@ghost, RIGHT?

      It was something floating around, and she even brought it up in the fight with Chun-hwa – which made me go “no wayyyyyyyyyyyy”, because she made it sound like a self-loathing gay person… all that staring and then the tension of the arm grabbing~~~ hahaha.

      I don’t know what would have been weirder… Su-Ji being a closeted gay or that scene at the park, which was kinda weird on its own as well.

      • Sunny says:

        @amy,

        While I was watching the movie with my friends one of them brought it up as well.. She also seemed to think that Su-Ju was a lesbian. For some reason i have a feeling they perhaps even made her that way in the original script, since it seemed to lead up to it. The directors-cut is apparently different from what we’ve been shown.. They also had to change a few things in the script so i’ve read. There is a possibility they wrote her like that but they had to change the story to make it more appropriate for Korean cinema . I don’t get that they travel all the way to another place just so Su-Ji can kiss a guy.. Seems like Cutting and replacing a scene to me…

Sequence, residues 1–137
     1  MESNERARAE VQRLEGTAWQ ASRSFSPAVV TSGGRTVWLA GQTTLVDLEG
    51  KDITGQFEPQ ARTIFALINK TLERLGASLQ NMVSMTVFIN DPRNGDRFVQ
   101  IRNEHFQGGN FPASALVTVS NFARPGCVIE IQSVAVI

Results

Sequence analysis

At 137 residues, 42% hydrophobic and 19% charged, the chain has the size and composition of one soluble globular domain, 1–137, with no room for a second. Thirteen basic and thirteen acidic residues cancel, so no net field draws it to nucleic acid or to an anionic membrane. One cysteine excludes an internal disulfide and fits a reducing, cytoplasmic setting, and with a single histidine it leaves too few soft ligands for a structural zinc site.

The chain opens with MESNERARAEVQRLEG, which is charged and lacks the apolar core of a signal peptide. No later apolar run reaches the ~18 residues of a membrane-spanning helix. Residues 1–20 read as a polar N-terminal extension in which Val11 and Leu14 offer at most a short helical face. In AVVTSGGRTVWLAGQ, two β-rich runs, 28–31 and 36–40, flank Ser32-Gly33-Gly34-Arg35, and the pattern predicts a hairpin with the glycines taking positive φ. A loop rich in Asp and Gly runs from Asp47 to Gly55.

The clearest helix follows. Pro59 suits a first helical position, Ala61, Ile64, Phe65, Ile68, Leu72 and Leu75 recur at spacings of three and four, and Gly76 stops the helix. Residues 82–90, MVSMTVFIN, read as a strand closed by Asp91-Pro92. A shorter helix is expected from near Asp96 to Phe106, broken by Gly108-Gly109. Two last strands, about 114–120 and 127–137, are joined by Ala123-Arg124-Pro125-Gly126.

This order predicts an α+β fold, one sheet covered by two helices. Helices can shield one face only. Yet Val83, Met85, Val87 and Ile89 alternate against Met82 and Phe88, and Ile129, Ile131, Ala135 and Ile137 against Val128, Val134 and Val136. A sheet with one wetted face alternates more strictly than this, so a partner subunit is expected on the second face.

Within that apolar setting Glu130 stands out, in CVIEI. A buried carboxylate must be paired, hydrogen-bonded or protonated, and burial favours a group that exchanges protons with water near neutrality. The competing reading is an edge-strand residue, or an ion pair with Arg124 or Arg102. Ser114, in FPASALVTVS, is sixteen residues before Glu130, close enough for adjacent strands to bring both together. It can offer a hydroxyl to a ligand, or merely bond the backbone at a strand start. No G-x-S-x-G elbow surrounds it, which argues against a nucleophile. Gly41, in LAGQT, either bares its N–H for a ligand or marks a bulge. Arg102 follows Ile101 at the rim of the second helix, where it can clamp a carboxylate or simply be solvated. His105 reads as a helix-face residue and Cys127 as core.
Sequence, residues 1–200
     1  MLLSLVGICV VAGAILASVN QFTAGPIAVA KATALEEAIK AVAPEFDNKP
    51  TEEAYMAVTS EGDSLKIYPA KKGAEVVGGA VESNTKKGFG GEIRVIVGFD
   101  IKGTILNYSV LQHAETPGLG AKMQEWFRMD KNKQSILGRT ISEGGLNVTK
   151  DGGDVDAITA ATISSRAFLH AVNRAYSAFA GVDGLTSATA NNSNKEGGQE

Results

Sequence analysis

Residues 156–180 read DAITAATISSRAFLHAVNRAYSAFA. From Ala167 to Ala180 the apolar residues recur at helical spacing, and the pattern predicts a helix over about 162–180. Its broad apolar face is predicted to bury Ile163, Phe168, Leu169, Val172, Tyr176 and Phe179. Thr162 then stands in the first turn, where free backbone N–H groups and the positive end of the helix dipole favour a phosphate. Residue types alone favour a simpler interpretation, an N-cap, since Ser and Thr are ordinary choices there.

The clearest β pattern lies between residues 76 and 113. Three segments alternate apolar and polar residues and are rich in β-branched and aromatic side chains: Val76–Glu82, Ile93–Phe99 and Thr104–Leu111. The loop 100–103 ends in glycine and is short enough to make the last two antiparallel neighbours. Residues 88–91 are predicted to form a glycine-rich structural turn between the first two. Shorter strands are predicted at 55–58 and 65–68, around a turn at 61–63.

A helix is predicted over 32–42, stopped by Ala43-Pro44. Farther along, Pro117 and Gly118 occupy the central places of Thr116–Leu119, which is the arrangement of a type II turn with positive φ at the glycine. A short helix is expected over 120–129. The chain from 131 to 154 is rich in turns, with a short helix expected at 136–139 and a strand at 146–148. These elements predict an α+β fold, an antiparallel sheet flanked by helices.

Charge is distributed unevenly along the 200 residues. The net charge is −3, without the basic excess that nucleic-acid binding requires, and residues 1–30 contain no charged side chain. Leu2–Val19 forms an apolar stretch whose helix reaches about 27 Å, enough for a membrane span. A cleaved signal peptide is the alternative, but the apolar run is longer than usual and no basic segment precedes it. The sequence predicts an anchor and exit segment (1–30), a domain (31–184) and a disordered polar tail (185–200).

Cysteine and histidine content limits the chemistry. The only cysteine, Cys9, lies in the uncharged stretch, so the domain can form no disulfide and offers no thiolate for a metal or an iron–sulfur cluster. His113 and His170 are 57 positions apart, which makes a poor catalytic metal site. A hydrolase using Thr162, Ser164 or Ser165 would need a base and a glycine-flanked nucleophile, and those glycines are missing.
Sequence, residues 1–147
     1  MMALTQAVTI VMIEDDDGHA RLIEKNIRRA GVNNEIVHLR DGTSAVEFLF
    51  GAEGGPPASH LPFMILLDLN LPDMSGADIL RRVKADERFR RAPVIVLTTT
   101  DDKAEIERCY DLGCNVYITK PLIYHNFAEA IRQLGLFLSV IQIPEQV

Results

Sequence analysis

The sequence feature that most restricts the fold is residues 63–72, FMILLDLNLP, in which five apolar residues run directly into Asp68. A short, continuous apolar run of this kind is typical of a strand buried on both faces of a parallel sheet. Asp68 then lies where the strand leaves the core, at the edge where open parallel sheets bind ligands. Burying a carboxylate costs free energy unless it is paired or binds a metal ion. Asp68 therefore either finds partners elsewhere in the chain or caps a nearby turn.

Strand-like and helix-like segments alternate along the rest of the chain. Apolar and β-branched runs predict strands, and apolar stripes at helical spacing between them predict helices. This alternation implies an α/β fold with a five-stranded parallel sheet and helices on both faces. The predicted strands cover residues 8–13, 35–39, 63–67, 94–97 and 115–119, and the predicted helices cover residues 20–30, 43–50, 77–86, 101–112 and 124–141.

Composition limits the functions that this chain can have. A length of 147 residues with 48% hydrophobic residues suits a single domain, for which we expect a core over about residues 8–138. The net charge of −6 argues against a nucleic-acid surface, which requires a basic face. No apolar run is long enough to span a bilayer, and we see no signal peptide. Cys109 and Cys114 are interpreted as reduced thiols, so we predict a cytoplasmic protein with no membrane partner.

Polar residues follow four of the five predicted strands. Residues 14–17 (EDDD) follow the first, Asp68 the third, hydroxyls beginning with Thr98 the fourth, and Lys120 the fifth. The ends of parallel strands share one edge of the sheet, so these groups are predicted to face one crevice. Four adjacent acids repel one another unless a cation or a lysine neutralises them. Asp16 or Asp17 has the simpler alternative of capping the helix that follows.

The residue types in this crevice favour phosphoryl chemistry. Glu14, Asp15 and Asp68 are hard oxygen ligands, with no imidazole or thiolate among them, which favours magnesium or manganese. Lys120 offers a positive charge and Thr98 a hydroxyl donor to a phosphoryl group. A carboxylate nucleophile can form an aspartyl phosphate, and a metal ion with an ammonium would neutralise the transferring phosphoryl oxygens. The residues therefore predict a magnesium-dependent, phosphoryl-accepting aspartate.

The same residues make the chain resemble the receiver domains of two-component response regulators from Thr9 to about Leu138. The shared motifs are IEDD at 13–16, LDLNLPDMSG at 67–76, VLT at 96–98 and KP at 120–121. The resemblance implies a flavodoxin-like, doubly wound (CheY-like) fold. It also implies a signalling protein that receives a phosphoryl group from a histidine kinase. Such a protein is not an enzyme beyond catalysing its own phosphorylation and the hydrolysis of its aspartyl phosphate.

Perhaps I am reading way to much into it.. oh well xD

        • amy says:

          @Sunny, I know the DVD release comes with the Theatrical cut and the Director’s cut, but I always thought it was only because of some of the school violence. I really have no idea what version I saw, but I thought it was the director’s version since I thought the violence was pretty shocking… for me, in a nostalgia film anyway.

          Glad to know we’re not the only ones feeling Suji’s lesbian vibe, though.

          But then… if Su-Ji was gay… that scene with the soju would have turned out different, wouldn’t it? With all that “I’m so sorry for being so pretty” bits LOL

        • yam magazine says: